This article describes the benefits and constraints of utilizing telemedicine, primarily focusing on the field of psychiatry within the current healthcare system in the United States. The purpose of this research was to review the quality of care, patient access, and cost savings associated with the utilization of telemedicine in psychiatric care and identify its benefits and constraints.


A literature review compiled findings published within the past 12 years. Sixty scholarly sources were used to assess the use of telepsychiatry in the United States. For the online search, the following search terms were used and combined to narrow the search criteria: telemedicine, telepsychiatry, psychiatry, psychology, psychiatric, and prisons. Subsequent reading within the search results revealed that telemental health was also a suitable search term, and this term was subsequently utilized in an expanded search of relevant journal databases. The chosen references were academic peer-reviewed journal articles or health information technology (HIT) practitioner literature, mostly from online sources. All of the relevant research that was used came from the electronic database EBSCOhost (including CINAHL [Cumulative Index to Nursing and Allied Health], MEDLINE, psycARTICLES, psycINFO, Health Source: Consumer Edition, and Health Source: Nursing/Academic Edition), PubMed, Google Scholar, or the American Telemedicine Association website.

References were reviewed and were determined to satisfy the inclusion criteria if the material provided accurate and reliable information about telemedicine with a particular focus on psychiatric care. Only articles that were written in English were included for review. In an attempt to stay current in research, all articles that were older than 12 years (starting from 2000) were eliminated from the search.


The results presented were extracted from journal articles, case studies, and websites from diverse sources to illustrate several aspects of psychiatric telemedicine that should be considered, such as quality of care, access, cost, technology, and constraints.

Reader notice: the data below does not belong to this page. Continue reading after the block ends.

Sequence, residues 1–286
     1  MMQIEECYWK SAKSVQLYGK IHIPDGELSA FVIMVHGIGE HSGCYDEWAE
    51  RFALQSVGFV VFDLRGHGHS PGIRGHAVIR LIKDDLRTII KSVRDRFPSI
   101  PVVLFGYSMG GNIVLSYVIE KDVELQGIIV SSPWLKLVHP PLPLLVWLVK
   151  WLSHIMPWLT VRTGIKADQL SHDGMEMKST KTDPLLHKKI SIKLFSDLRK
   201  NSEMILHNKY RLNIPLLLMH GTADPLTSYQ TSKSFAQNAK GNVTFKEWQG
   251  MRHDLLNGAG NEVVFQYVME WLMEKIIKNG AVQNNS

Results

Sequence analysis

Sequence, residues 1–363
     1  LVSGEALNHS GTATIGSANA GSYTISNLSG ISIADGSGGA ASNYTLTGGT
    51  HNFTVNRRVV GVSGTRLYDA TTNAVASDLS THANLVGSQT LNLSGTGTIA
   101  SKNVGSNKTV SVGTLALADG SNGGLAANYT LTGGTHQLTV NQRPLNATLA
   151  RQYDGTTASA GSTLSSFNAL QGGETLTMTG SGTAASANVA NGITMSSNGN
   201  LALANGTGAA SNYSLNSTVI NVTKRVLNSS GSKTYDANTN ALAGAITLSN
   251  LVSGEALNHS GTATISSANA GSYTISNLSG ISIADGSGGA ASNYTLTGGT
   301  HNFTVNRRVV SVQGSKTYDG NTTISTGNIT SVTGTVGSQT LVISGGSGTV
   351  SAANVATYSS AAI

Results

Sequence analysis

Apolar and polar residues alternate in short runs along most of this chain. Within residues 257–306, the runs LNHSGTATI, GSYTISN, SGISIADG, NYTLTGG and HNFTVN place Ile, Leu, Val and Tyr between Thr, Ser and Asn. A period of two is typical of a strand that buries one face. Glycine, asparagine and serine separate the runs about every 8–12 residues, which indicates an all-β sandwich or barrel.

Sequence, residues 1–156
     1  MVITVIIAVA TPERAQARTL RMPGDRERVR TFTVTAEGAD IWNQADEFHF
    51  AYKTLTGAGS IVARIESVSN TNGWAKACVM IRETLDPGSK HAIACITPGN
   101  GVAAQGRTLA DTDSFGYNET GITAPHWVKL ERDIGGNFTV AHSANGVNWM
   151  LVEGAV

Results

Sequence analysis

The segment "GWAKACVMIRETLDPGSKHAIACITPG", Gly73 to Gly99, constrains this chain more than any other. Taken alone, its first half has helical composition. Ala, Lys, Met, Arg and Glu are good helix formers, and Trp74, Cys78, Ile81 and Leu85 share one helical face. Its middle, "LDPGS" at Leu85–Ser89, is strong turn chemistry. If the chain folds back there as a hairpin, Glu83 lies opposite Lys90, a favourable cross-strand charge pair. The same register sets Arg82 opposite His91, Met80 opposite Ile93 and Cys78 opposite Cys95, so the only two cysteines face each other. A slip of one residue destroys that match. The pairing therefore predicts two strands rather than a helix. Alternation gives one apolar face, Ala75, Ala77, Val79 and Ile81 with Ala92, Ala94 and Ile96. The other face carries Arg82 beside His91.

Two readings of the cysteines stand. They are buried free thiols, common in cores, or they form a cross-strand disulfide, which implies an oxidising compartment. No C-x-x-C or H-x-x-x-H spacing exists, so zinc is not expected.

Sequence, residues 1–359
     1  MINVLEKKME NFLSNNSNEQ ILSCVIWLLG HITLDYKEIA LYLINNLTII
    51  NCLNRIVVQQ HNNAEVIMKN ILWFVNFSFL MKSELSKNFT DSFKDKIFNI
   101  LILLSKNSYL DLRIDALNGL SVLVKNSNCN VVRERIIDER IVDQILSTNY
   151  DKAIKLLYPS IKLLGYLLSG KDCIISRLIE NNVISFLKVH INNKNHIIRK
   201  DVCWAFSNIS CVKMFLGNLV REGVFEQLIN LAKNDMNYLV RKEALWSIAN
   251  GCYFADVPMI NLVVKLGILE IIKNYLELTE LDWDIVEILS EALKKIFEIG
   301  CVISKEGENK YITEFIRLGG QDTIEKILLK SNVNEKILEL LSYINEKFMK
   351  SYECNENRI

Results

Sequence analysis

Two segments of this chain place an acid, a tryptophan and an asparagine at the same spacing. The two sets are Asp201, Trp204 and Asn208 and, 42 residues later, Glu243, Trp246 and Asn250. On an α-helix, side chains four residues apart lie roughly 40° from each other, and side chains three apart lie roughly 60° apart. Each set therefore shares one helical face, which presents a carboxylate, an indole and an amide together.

Quality of Care

Many opponents have objected to this nontraditional type of medical care, primarily because it was believed that medical care cannot be adequately given unless the patient receives an exam in person.20,21 To address this concern, research on the utilization of telemedicine has examined the percentage of times when a physician has given the correct diagnosis versus when the doctor has not. In one study that investigated psychiatric care for rural individuals, it was found that only 1 to 2 percent of the patients received a wrong diagnosis when using telepsychiatry.22 These authors established an ethics committee that approved strict methodology using current patient-accessible hardware and software, such as personal computers and videoconferencing hardware and software, to evaluate the validity of diagnosing mental disorders via telepsychiatry. A total of 37 patients were reviewed for this particular study, and all completed the intended assessments. The researchers found that 83 percent of patients who were diagnosed per the Diagnostic and Statistical Manual of Mental Disorders (DSM-IV) through the use of telepsychiatry were correctly diagnosed. This study was beneficial in showing the accuracy of diagnosis in telepsychiatry due to advances in technology and telecommunication devices. The researchers expected that further advancements in technology could increase the validity of noncontact diagnosis in psychiatric care.23

In addition to providing opportunities for practitioners to make appropriate diagnoses, telepsychiatry has had other positive effects on the continuity of care. For example, Grady and Singleton found that telepsychiatry could effectively be used by psychiatrists to provide coverage for peers who were on vacation or otherwise unable to attend to their patients in an inpatient psychiatric unit of a rural hospital.24 This coverage maintained continuity and quality of care for patients when their treating psychiatrist was unavailable.

Other studies have supported the use of telepsychiatry when compared to face-to-face interactions for mental health treatment.25-27 Ongoing randomized clinical trials have continued to explore the impact of telepsychiatry on quality of care through its effectiveness versus face-to-face psychiatric treatment. It has been hypothesized that telepsychiatry will continue to be found equivalent to face-to-face treatment.28

Telepsychiatry has been shown to be effective in maintaining quality of care across several different populations. For example, telepsychiatry has been an effective treatment option with children and adolescents.29,30 Rabinowitz et al. found evidence that telepsychiatry could be used to positively impact quality of care for the nursing home population.31 Other studies have supported the use of telepsychiatry to provide quality behavioral health care to college students, rural residents, veterans, immigrants, and incarcerated individuals.32-37